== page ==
Best Practices to Living a Financially Healthy Lifestyle

Friday Nov. 19th, 2021

One thing that often gets missed in formal education these days is financial literacy. Many people go their whole lives without ever learning how to manage their money properly and often end up losing out as a result. But the good news is, it’s never too late to learn, and you don’t have to do it all at once to start seeing the positive effects. You can learn a little bit at a time, and these are just a few suggestions to kick start your monetary education.

Learn How to Budget

It’s on every list, and it’s on them all for a reason. Properly understanding why and how to budget is the first fundamental skill you should learn. Knowing where your money is going is key to identifying where you might be overspending - allowing you to nip problems in the bud. Learn about practices like paying yourself first and zero-based budgeting. Decide what is going to work best for you and stick to it. Budgets are also great tools for helping you learn where you can seek out discounts. For example, there may be ways to lower your energy bill that you never realized you were overpaying for, because you never tracked it.

You may want to allocate your spare money to savings or investments at the beginning of the month before you spend it. If you struggle with impulse spending, read up on the methods people have found effective to help. Planning for the future often factors in here as well. Knowing what size housing deposit you need can help dictate how much to put away each month. You could also consider setting aside an emergency fund - turning a surprise bill from a major problem to a mild inconvenience.

Decide If You Need Insurance

Some insurances are essential - home and car insurance being two of the most obvious. Certain policies may even offer added benefits like legal aid or critical illness cover. But there are some circumstances where you may find your life insurance premium to be an unnecessary expense. In this case, it’s possible that the money could be put to better use. If you decide it could, you may choose to use a life settlement company to sell your life insurance for a cash sum. Check out a guide online that lists the top life settlement companies so you can pick the right one. You should also consider the company benefits package provided by your job; if your company offers health insurance, you can save by ensuring you aren’t paying for two policies.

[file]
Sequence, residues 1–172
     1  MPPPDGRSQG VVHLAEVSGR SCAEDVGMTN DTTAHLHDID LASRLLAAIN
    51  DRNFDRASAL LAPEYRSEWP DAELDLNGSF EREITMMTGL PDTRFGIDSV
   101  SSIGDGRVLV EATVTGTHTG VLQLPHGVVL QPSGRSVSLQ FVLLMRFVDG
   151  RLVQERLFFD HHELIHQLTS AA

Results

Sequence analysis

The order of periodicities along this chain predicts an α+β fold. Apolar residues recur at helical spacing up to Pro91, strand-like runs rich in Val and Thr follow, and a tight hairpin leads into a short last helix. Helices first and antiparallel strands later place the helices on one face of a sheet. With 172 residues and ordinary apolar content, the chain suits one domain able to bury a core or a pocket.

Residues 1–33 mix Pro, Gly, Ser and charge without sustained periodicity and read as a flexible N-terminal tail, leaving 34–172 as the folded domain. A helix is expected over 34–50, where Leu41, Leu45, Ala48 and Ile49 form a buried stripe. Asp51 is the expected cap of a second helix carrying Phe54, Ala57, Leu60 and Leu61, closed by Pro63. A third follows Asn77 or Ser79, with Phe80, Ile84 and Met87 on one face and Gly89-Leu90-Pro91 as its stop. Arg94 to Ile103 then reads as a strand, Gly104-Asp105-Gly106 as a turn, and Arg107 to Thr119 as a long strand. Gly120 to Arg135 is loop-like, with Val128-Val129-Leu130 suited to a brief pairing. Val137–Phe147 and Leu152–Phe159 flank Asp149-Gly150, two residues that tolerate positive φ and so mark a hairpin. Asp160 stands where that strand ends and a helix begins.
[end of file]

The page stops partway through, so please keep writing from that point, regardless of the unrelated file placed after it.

Pay Attention to Interest

Learn how interest works. The interest you pay on your car loan, for example, is likely to be more than the interest you can earn on savings. This is why it often makes sense to pay off debt before starting to build up your savings. You can also consider investing. It’s riskier but often pays bigger dividends faster than savings alone. In today’s economy, understanding the fastest way to save or increase your funds is going to make a world of difference.

Take Professional Advice

Everyone is quick to offer advice when it comes to money; some of it is sound advice, but some might be anecdotal. Just remember that the world is changing quickly, and what worked for our parents and grandparents may not always hold true in the modern day. In some cases, it may be worth hiring a financial advisor to help you make the best decision with your money, especially when it comes to scarier concepts such as investing.

Consider Your Future

Don’t get in the habit of spending all your money each month because you think it’s spare. This feeds back into your budgeting. Those unexpected quarterly bills can put you in a real bind if you aren’t prepared for them. Beyond that, though, you need to plan for your retirement and start contributing to a pension fund now. The future is uncertain and it’s unwise to rely on social safety nets, so consider living a little leaner now as a trade-off for a more secure future.